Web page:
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Trends Immunol. 2018 May;39(5):359-366. doi: 10.1016/j.it.2017.12.006. Epub 2018 Jan 30.

HIV Reactivation after Partial Protection by Neutralizing Antibodies.

Author information

1
Department of Microbiology and Immunology, The University of Melbourne, The Peter Doherty Institute for Infection and Immunity, Melbourne, Australia. Electronic address: mattp@unimelb.edu.au.
2
Infection Analytics Program, Kirby Institute for Infection and Immunity, University of New South Wales Australia, Sydney, Australia.
3
Department of Microbiology and Immunology, The University of Melbourne, The Peter Doherty Institute for Infection and Immunity, Melbourne, Australia; Melbourne Sexual Health Centre and Department of Infectious Diseases, Alfred Health, Central Clinical School, Monash University, Melbourne, Australia; ARC Centre of Excellence in Convergent Bio-Nano Science and Technology, University of Melbourne, Parkville, Australia. Electronic address: skent@unimelb.edu.au.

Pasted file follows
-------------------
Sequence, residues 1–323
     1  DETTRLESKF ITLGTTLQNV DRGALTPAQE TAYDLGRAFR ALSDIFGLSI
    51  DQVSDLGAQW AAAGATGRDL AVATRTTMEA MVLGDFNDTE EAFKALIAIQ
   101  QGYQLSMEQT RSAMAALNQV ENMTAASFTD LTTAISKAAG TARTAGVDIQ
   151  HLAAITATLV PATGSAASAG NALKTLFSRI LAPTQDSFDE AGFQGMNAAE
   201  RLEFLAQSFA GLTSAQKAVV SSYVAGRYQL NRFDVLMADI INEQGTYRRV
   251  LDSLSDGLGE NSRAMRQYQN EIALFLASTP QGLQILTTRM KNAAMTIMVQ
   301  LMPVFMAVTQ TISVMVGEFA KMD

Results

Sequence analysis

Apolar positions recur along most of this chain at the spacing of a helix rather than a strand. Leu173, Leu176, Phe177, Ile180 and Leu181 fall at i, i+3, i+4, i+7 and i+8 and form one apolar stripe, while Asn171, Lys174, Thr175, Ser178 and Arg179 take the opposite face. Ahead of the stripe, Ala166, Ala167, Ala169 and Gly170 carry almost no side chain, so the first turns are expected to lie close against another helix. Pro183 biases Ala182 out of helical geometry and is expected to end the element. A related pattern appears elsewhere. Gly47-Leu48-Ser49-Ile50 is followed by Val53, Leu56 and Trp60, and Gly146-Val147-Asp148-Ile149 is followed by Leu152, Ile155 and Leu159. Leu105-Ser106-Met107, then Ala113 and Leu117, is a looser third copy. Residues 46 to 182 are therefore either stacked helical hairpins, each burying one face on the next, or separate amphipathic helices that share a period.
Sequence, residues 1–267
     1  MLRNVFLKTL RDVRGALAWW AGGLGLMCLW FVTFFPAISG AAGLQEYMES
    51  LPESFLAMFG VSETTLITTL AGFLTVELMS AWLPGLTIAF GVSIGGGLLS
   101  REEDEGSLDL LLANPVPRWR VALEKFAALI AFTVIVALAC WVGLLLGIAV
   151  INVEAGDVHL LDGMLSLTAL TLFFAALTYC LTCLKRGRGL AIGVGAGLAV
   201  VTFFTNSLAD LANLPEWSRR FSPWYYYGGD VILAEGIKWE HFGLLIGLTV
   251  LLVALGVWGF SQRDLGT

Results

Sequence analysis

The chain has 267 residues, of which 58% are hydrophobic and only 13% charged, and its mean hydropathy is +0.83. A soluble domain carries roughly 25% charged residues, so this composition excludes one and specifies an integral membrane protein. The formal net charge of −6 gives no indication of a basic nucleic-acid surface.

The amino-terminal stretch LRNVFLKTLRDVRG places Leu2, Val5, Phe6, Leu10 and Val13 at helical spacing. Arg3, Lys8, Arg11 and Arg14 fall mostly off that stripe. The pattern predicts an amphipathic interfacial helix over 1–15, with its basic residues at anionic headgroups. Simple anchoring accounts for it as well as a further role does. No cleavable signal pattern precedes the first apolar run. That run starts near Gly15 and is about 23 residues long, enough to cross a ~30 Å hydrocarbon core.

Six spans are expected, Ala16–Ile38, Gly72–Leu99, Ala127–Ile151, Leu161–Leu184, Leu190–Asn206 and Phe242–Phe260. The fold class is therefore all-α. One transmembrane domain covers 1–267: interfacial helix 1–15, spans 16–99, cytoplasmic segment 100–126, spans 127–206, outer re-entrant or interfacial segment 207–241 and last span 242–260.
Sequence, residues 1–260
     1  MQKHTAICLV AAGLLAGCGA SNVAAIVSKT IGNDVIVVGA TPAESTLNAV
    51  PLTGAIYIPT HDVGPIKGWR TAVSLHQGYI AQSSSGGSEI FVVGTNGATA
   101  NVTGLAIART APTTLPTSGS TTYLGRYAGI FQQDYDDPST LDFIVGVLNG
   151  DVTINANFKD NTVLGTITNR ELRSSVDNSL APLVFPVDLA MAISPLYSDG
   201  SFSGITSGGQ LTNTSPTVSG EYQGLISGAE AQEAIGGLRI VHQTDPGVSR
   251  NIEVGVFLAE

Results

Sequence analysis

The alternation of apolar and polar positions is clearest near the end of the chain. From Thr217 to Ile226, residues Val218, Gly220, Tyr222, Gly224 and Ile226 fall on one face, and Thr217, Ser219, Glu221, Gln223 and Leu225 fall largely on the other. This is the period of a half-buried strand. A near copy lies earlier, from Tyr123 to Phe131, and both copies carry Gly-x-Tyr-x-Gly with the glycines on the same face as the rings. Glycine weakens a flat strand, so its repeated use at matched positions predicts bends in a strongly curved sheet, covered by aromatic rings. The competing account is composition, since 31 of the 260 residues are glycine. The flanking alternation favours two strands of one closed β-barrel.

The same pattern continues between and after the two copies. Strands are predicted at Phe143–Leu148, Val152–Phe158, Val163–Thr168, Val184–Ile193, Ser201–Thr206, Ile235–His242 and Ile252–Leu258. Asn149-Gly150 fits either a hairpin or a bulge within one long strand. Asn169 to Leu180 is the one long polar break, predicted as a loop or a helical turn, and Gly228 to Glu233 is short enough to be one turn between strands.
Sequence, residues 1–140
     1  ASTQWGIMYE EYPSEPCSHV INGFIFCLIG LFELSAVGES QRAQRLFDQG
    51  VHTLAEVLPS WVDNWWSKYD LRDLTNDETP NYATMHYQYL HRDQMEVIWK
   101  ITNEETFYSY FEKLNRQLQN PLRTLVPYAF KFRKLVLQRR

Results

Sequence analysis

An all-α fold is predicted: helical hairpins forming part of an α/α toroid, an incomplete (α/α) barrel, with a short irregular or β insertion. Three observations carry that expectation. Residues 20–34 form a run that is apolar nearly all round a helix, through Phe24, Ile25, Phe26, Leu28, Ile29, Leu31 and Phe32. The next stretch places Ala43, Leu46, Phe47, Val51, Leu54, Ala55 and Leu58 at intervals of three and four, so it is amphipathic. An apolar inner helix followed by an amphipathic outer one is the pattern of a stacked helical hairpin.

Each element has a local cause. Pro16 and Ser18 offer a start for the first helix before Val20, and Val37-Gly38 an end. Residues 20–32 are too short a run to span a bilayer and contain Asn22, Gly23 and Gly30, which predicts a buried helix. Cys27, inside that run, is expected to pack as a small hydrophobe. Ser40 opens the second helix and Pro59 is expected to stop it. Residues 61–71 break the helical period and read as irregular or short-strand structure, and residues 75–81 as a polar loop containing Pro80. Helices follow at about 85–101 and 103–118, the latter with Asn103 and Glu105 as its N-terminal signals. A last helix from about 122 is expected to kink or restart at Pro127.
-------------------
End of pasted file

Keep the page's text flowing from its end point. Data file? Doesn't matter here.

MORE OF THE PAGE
Abstract

It is widely thought that generating broadly neutralizing anti-HIV antibodies (BnAbs) will protect humans against HIV, given promising data from in vitro experiments and in vivo macaque studies. The primary action of BnAbs is preventing cell-free virus from entering cells. Recent in vitro and macaque data suggest that BnAbs are less potent against cell-associated virus exposure. We speculate that BnAb-based suppression of HIV transmission, particularly if mediated by cell-cell transmission, may result in some exposed subjects carrying a form of latent (or 'occult') HIV infection. Such largely hidden HIV infections may subsequently reactivate when BnAb levels decline. This concept has implications for the achievement of long-term sterilizing immunity to HIV.

PMID:
29366547
DOI:
10.1016/j.it.2017.12.006
[Indexed for MEDLINE]

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